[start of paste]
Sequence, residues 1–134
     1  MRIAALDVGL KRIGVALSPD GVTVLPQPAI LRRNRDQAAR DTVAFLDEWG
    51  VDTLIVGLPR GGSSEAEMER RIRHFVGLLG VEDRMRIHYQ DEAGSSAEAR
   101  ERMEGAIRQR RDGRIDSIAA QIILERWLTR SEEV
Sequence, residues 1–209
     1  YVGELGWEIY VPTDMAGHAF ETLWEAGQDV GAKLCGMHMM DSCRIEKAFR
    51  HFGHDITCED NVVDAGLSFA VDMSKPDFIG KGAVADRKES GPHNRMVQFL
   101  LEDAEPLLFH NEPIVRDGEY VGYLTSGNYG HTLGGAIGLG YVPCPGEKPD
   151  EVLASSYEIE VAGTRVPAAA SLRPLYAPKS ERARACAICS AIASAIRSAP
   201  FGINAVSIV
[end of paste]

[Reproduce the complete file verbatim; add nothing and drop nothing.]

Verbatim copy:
Sequence, residues 1–134
     1  MRIAALDVGL KRIGVALSPD GVTVLPQPAI LRRNRDQAAR DTVAFLDEWG
    51  VDTLIVGLPR GGSSEAEMER RIRHFVGLLG VEDRMRIHYQ DEAGSSAEAR
   101  ERMEGAIRQR RDGRIDSIAA QIILERWLTR SEEV
Sequence, residues 1–209
     1  YVGELGWEIY VPTDMAGHAF ETLWEAGQDV GAKLCGMHMM DSCRIEKAFR
    51  HFGHDITCED NVVDAGLSFA VDMSKPDFIG KGAVADRKES GPHNRMVQFL
   101  LEDAEPLLFH NEPIVRDGEY VGYLTSGNYG HTLGGAIGLG YVPCPGEKPD
   151  EVLASSYEIE VAGTRVPAAA SLRPLYAPKS ERARACAICS AIASAIRSAP
   201  FGINAVSIV